Executive Committee hear positive reports

by Mike Creswell
Friday, October 3, 2014 | 6 yrs old

The Executive Committee of the Baptist State Convention of North Carolina heard a number of reports during its meeting Tuesday, Sept. 30, at the North Carolina Baptist Assembly at Fort Caswell on Oak Island, but took no major actions.

Michael Barrett, committee chairman, presided over the meeting, which came just ahead of the convention’s Board of Directors meeting, which began the evening of Sept. 30. While the Board was to receive and act upon the reports and recommendations of several committees, none of these reports required Executive Committee approval.

Chris Hawks reported that so far this year, 245 pastors have taken part in the convention's conferences to promote disciple-making throughout convention churches. Training for use of "The Story" has taken place through five conferences, with two more conferences to come during October. Further, he said, training has been provided in six Asian languages.

"We are still on track to train 500 leaders this year," he said. Leading churches to make disciples is a key part of the convention's new strategy which was launched in January this year. Hawks is pastor of Second Baptist Church, Hamlet.

David Spray, pastor of Pisgah Forest Baptist Church in Pisgah Forest, near Brevard, commended the convention’s new direction in stewardship, which incorporates Christian giving into the broader field of Christian discipleship.

Lynn Sasser, executive leader of the Evangelism and Discipleship Group, introduced Spray, explaining that stewardship was moved to this new group in 2012 and is now headed by senior consultant Neal Eller.

"We have to acknowledge the reality that many Christians today are enslaved to a sea of debt they find themselves in, with lost dreams, with not a lot of hope and little joy in their lives. That's not what Jesus intended, because He said He came that we might have life and have it more abundantly," Sasser said.

Sasser said Eller has developed a stewardship strategy using resources developed by Generous Church (http://www.generouschurch.com) and began a pilot project with Greater Cleveland Baptist Association, made up of churches in and around Shelby, NC. Eller and Generous Church have held five generosity "encounter" meetings attended by 59 pastors, 20 other church staff, 16 associational directors of missions and 27 lay church leaders.

Spray said he attended two such meetings and plans to teach the materials in his church soon. "I think the generosity initiative is in the right direction we need to go in," he said.

Christian discipleship requires obedience to Jesus Christ, he said, and people will begin to become generous as they become like Jesus Christ. "I haven't found where Jesus said raise money. We talk a lot about raising money," he said, explaining that the generosity initiative is not about raising money. "It's about leading people to follow the Lord Jesus Christ," he said.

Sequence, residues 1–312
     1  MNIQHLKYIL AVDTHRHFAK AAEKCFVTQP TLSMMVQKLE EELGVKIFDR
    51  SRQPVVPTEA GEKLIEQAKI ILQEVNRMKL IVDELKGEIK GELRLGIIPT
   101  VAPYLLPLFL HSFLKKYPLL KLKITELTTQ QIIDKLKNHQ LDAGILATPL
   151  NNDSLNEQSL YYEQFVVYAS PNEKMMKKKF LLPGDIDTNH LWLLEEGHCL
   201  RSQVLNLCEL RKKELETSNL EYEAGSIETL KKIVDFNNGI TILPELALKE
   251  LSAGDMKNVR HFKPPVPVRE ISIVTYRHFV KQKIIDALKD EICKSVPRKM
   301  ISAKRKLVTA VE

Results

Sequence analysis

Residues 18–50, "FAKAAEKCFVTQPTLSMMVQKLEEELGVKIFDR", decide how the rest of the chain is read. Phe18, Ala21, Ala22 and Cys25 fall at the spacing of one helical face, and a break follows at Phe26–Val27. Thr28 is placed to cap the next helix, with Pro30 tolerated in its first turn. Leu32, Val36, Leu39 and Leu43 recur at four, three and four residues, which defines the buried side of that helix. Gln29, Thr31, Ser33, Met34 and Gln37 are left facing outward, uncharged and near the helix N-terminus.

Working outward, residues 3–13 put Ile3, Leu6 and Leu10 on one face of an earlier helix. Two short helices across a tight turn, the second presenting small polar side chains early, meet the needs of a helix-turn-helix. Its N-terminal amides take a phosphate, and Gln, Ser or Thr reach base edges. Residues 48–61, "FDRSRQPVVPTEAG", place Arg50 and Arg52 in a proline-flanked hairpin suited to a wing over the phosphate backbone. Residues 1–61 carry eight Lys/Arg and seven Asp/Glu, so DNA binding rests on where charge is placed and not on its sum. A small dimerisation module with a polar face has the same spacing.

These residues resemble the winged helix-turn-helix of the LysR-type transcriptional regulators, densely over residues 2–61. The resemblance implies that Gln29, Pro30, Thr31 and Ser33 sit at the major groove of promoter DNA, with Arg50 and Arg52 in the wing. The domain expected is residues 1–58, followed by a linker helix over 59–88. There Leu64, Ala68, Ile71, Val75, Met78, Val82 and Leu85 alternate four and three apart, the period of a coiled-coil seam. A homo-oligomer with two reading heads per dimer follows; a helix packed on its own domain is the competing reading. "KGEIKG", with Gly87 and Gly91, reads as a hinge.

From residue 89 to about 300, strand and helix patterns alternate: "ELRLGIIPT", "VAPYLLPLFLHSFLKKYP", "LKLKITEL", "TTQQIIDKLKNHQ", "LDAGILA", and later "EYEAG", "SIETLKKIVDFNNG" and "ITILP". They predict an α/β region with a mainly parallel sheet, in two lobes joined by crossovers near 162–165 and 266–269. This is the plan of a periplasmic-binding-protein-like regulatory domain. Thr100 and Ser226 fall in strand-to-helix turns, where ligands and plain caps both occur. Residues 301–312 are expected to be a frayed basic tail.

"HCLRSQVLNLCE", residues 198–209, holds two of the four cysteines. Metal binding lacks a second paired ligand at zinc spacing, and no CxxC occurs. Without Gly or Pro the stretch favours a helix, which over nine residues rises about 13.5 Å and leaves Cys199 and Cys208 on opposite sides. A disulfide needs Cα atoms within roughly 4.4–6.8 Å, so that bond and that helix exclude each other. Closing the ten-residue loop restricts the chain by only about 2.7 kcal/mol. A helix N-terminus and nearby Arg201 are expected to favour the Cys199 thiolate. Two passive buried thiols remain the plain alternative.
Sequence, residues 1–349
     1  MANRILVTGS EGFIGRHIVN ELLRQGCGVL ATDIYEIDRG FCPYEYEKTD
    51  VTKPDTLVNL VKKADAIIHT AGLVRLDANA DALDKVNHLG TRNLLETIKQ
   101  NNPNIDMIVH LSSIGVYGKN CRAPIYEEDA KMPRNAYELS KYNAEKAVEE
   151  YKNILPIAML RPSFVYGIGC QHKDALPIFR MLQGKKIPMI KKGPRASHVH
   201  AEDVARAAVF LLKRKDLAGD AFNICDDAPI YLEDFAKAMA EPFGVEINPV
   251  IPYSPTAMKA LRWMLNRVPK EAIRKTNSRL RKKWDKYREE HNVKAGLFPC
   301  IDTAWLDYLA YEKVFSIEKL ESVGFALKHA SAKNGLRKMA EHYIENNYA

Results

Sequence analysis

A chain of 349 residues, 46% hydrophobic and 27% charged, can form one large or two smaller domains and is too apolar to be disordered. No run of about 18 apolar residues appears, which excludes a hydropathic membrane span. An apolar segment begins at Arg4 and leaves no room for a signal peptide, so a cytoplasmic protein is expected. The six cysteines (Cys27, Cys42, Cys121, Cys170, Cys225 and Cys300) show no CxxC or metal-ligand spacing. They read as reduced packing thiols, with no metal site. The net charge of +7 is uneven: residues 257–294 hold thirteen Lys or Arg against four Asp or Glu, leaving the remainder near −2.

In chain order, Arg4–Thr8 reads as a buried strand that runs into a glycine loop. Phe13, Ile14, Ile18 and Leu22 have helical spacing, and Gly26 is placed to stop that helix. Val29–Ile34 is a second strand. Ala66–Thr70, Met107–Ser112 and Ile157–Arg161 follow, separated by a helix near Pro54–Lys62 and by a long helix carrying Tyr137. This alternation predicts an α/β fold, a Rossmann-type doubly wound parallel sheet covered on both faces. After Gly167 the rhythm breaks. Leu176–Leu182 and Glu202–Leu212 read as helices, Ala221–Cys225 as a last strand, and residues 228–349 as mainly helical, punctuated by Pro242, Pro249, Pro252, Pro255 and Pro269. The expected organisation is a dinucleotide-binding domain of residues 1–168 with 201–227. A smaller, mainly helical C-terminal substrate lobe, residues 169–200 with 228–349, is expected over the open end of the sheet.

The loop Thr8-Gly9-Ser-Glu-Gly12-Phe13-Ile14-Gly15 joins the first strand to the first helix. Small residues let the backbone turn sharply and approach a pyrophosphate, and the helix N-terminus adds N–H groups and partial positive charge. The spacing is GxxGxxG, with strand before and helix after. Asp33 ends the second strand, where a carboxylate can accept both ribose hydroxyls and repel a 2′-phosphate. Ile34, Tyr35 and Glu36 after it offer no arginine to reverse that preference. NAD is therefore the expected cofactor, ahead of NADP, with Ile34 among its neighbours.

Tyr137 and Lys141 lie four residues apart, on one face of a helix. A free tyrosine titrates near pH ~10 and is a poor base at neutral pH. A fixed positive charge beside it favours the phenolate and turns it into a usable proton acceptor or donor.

"If I follow Him, I will be generous," he said. Executive Committee members were given a generosity devotional book by Gordon McDonald, part of the Generous Church materials.

A disaster relief team of North Carolina Baptist Men (NCBM) helped a church in Detroit, Michigan, get on better terms with its neighbors, reported John Gore. Gore, a lay member of Greenwood Baptist Church in Thomasville, serves on the Executive Committee because he is president of NCBM.

He said the church had tried for some time to reach out to people in the surrounding neighborhood, who are predominantly Muslim, with little success.

But after a flood struck the area, the NCBM team helped many families clean out their homes and cleared basements of mud and other debris.

"The church really improved its image with people in the community," Gore said. Area residents even began bringing food to the church to help out. "We felt that was a great thing. We helped open doors for them and we were thankful for that," he said.

Gore also told how NCBM volunteers are constructing a building for a new church called River of Life Church near the coastal town of Calabash, along the South Carolina border. More than 40 acres of land alongside U.S. Highway 17 have been given to the congregation. The church has been holding services in community centers at nearby Sunset Beach.

Cooperative Program missions receipts totaled $19,966,164 in mid-September, reported Beverly Volz, director of accounting services on the convention staff. That amount was 6.46 percent under the budgeted amount, though the convention continues to operate in the black.

Brian Davis, associate executive director-treasurer for the convention, said the convention staff is rejoicing with the amount given to the North Carolina Missions Offering. The total received as of mid-September stood at $655,153, Davis said. Since September is when most NC Baptist churches receive the offering, he said there is "great potential" to close the gap and reach the $2.1 million goal.

Davis said many churches will give to NCMO after a disaster. "What we need is not for your churches to take up an offering after a disaster, but we need you to contribute to NCMO now, so our volunteers are prepared when a disaster occurs, as opposed to waiting on a response from the churches," he said.

"If you haven't given this year, it's not too late to do so," he said.

NCMO is the major funding source for the 18 ministries of North Carolina Baptist Men and also provides about a third of the funds the convention uses to start new churches. Ten percent of NCMO funds are divided among the 78 Baptist associations across the state for local missions and ministry projects.